Try and only eat ‘wholefoods’. Unless you grow and pick your own vegetables or only buy organic foods straight from the farm shop, most food products we see in the supermarkets nowadays are processed in some way or another. Minced beef is ground in a machine, butter is cream that has been mechanically separated from milk and fruit is cut from a tree. However, some forms of food processing involve the use of dangerous chemicals and have a far more detrimental affect on our food and thus our bodies than others. For example; the use of toxic additives such as colouring, flavoring, preservatives and the adding of artificial sweeteners/ingredients or high fructose corn syrup, hydrogenating fat, pasteurisation, bleaching, the reduction/removal of natural fats or the removal of bran from grains. Basically any processing which essentially de-natures the food is more likely to be dangerous or detrimental to your health and lead to stubborn fat that is hard to get rid of.

9) GO ORGANIC

Organic fruit and vegetables are grown under strict conditions which refer to the soil in which they are grown. Food which displays the ‘organic’ stamp from the Soil Association means it has been grown in soil which is free of all toxic chemicals often used in commercial farming to increase yield of the crop whether it be a grain, vegetable, fruit or even the grass that animals are fed.These chemicals are often added to soil in the form of chemical fertilisers, pesticides, herbicides and fungicides and contain chemical residues that not only harm the soil, the plant but also the micro-organisms that live in the soil and ultimately anybody who consumes that food. As a result of the damage to the soil microorganisms, a commercially grown plant tends to struggle to feed on the essential nutrients in the soil and therefore is often less nutritious than one that was grown naturally and ‘organically’.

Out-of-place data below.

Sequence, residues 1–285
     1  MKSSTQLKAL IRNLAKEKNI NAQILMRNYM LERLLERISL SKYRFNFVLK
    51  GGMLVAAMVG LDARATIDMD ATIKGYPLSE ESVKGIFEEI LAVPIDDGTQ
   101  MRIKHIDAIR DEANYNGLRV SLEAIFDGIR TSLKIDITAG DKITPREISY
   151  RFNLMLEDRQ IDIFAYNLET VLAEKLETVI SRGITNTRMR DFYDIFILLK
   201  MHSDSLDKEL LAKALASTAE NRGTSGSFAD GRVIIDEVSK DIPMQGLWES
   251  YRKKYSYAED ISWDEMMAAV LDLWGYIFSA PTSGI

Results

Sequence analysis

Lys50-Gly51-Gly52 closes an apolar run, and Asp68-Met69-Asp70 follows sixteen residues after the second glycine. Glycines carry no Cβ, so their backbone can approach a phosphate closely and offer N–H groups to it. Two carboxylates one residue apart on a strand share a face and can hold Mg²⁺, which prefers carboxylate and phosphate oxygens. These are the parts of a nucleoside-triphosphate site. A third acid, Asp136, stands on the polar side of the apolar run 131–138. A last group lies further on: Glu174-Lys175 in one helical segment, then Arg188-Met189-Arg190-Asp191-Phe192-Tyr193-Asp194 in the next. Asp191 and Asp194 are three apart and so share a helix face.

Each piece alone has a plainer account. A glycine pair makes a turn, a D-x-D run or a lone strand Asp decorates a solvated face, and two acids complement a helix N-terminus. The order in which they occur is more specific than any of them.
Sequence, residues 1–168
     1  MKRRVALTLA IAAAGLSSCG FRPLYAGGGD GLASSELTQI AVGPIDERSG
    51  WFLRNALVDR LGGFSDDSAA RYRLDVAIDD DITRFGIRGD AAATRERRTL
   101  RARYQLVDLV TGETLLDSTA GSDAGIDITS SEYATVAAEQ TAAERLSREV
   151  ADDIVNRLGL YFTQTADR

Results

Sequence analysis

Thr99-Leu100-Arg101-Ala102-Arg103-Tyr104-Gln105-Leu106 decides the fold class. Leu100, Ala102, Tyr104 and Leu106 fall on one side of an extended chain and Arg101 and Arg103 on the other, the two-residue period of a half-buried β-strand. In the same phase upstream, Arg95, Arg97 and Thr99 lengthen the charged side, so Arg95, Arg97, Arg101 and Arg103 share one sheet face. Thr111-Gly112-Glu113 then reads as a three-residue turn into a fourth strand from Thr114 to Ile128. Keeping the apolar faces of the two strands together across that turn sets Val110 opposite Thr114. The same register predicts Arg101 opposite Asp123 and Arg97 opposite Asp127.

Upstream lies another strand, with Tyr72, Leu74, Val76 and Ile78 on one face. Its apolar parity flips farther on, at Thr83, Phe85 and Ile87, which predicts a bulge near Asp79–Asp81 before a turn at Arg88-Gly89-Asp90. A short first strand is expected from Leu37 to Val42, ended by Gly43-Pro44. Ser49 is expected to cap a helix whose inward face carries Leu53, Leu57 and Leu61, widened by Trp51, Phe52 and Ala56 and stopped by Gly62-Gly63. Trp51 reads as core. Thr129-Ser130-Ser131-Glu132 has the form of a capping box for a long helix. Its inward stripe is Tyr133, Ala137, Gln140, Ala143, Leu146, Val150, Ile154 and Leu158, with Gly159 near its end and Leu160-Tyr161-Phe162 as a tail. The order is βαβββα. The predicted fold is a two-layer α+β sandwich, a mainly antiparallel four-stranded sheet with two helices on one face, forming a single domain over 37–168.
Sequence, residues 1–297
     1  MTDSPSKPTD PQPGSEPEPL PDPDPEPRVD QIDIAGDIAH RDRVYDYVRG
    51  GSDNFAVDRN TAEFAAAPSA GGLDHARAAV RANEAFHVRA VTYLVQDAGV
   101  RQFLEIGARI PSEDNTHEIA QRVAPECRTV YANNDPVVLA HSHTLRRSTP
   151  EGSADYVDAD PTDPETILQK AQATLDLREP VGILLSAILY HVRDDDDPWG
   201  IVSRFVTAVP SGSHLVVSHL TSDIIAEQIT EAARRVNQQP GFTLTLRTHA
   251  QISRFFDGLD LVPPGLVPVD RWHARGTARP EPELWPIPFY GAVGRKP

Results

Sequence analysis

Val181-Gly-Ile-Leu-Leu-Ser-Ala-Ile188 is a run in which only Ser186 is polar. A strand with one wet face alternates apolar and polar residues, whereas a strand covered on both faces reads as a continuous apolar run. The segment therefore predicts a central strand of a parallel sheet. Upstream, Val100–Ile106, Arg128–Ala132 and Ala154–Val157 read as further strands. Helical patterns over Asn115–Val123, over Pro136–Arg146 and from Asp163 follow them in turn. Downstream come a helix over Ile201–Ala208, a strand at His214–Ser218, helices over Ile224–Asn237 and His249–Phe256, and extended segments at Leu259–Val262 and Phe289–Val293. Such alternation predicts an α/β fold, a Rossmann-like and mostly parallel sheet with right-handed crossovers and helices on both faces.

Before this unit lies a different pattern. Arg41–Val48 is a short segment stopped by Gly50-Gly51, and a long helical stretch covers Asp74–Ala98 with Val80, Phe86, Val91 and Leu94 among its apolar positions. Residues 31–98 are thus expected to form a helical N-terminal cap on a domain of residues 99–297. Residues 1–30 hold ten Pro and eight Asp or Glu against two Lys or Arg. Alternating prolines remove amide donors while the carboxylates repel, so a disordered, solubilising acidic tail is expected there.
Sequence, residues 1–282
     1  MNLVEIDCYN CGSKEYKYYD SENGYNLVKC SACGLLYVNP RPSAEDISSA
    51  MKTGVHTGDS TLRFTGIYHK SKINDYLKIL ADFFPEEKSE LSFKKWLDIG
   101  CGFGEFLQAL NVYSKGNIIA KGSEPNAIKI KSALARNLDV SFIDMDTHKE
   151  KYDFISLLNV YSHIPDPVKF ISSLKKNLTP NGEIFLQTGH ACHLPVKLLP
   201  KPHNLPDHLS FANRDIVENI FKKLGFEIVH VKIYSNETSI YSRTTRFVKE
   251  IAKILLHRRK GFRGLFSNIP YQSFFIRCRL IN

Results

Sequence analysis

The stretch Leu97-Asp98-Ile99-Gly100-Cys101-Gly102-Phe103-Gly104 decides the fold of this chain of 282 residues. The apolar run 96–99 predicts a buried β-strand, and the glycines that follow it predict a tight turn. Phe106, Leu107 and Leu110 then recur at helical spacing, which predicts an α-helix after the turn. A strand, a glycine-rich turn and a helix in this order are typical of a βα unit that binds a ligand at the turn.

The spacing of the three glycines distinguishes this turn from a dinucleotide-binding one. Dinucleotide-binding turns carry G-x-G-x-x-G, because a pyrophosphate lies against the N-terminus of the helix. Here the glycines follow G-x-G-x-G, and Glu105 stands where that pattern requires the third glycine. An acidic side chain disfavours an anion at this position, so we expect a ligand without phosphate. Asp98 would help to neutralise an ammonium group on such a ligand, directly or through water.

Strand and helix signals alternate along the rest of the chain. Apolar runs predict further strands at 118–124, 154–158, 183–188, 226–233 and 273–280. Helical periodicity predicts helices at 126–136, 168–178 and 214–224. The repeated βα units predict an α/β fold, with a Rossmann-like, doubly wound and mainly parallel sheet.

10) INCREASE YOUR PROTEIN INTAKE

Protein provides the building blocks our body needs to grow, repair and rebuild muscle. They are known as amino acids and they are essential if you want to develop lean muscle. By building the amount of muscle you have you place an increased demand on your body to feed the muscle fibres the nutrients they need to function optimally and thus the body responds by ramping up the speed of your metabolism to meet that demand. The consequential increase in metabolic rate causes an increase in the amount of fuel required and, providing you keep your blood sugar levels steady, this means you will burn more fat (even when you’re not training) ! The added bonus of having more muscle tissue is that you therefore have more storage room for sugars (Glycogen) which allows the body to maintain an optimal blood-sugar level, which means your body won’t need to release excessive amounts of insulin which forces your body to only burn carbohydrates as fuel, and not fat.